Buzzfeed(!) profiles pioneering Catholic feminist theologian Elizabeth Johnson. I blogged about Johnson’s book She Who Is back in 2009–see here, here, here, and here.
Nadia Bolz Weber preached a good Ash Wednesday sermon.
Rep. Paul Ryan thinks free school lunches are bad for kids’ souls. I take this a bit personally since I got free lunches when I was a kid and don’t think my soul is particularly worse off for it. You know what is bad for your spiritual and moral development? Being too poor to eat.
David Brooks wrote a great column about the evils of solitary confinement.
A wonderful essay from the New York Review of Books on the “secret life” of W. H. Auden. Apparently the great poet–who was also Christian, if a somewhat idiosyncratic one–did a lot of surreptitious charitable works, even when it made him look like a jerk in public.
The impending publication of some of his journals reignite the debate about whether philosopher Martin Heidegger was an anti-Semite.
The Democratic primary for D.C. mayor is next month, and the Washington Post has put together a helpful guide on where the candidates stand on various issues. I’m still undecided on this.
Political scientist Adolph Reed Jr. published an essay in Harper’s (not available online) about what he says (apparently; I haven’t actually read the essay) is the long decline of the American Left and its over-investment in the electoral fortunes of the Democratic Party. This garnered some push-back from various quarters (see here, here, and here, among others); Reed replied to some of these criticisms here. I’m probably less left-wing than most of the participants to this argument, but it’s hard to deny that conservatives have been more successful than the Left in recent decades in building a grass-roots movement that can drive policy changes. The GOP is far more beholden to the conservative movement than the Dems are to the Left. I don’t think, however, that investing in such a movement should prevent anyone from supporting the superior alternative (or lesser evil if you prefer) in a given election. And for left-of-center folks this will almost invariably be the Democrat.
On the situation in Ukraine, and the persistent demands that the U.S. “do something,” I found this helpful.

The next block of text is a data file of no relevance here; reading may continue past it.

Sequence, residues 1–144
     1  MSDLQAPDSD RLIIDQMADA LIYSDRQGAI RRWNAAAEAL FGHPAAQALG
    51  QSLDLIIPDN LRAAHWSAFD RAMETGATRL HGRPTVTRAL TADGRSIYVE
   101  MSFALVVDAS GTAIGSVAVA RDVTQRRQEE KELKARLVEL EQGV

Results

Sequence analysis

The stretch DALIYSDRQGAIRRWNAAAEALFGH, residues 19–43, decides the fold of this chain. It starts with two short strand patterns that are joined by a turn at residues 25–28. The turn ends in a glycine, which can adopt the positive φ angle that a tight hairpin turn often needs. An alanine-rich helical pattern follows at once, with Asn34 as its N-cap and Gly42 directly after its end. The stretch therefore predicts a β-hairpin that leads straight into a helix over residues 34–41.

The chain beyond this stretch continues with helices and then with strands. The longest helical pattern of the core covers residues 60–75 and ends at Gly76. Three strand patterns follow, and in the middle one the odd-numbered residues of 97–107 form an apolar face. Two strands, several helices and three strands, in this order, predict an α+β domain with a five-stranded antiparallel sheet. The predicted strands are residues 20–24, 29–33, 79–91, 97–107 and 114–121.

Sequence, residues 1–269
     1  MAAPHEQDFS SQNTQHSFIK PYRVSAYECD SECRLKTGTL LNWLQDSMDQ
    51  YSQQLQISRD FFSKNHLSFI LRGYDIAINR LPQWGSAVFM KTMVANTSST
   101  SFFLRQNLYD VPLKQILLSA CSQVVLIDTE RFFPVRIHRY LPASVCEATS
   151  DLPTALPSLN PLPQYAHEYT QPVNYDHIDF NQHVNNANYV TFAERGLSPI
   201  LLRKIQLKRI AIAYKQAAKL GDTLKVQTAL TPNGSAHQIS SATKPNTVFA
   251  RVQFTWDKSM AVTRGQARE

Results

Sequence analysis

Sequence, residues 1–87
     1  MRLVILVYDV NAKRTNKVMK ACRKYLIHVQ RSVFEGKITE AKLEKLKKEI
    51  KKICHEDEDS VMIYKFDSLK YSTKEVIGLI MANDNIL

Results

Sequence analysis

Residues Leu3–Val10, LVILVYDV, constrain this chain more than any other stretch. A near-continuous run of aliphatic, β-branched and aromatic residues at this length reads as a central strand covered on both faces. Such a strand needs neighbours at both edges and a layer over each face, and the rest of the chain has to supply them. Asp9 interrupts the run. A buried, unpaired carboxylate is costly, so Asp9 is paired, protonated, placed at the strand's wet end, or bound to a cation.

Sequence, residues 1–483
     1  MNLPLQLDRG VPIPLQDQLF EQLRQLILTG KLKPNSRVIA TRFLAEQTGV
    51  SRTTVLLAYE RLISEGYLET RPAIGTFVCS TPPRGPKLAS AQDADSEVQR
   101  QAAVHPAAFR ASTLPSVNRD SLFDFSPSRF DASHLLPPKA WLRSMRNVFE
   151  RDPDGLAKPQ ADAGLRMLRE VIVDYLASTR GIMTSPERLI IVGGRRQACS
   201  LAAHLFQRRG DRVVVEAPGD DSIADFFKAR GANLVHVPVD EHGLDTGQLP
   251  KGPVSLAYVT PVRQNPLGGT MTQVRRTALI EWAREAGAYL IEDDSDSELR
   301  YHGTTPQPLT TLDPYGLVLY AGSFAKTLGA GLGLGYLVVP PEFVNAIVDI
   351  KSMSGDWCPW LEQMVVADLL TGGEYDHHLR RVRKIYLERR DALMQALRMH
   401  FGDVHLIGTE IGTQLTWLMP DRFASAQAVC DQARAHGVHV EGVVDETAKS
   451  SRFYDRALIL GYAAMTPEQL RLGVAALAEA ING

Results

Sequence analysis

Music-wise, I’m still on a St. Vincent kick. Here’s a great live session from a couple of years ago.
This comes from her new album, which I’m loving.
I’ve had this song stuck in my head since I heard it playing at my local coffee shop the other day.
I think the music of STP, critically reviled as they were at the time, has aged pretty well. Particularly once they stopped trying to be a Pearl Jam clone and focused on writing catchy pop-rock.
Since it’s unlikely I’ll do much substantive blogging over the next couple of weeks, I want to wish you, dear readers, a Merry Christmas and a Happy New Year!
Also, thanks to everyone who still reads this humble blog! 2013 hasn’t exactly been a banner year for my blogging, productivity-wise (or quality-wise you might add). Like a lot of people, I find myself more active on Twitter these days. But from time to time I still want a place where I can think out loud about things in more than 140 characters. Plus, we’ve had some pretty robust comment threads around here this year. ATR commenters may be few and far between, but they’re almost uniformly high quality.
I didn’t listen to a ton of new music this year, and probably listened to as much old music (old country, old jazz, old punk, lots of Elvis) as new. But there were a few 2013 releases I really liked. Here, in no particular order, are the albums I found myself returning to repeatedly.
Queens of the Stone Age, . . . Like Clockwork
Arcade Fire, Reflektor
Paramore (self-titled album)
Mazzy Star, Seasons of Your Day
Camera Obscura, Desire Lines
Wilie Nelson and Family, Let’s Face the Music and Dance
Robbie Fulks, Gone Away Backward
Shearwater, Fellow Travelers
Long-time readers may notice the absence of any heavy metal on this list. For whatever reason, 2013 was the year I almost completely lost interest in new metal. Particularly “extreme” metal. Maybe I’m getting old (maybe?), but I’ve gotten really tired of the cliched, cookie-cutter Cookie Monster vocals and the dearth of melody and effective songwriting that characterizes so much extreme metal.
This might cross the line into guilty pleasure territory, but I’ve been enjoying the heck out of this album.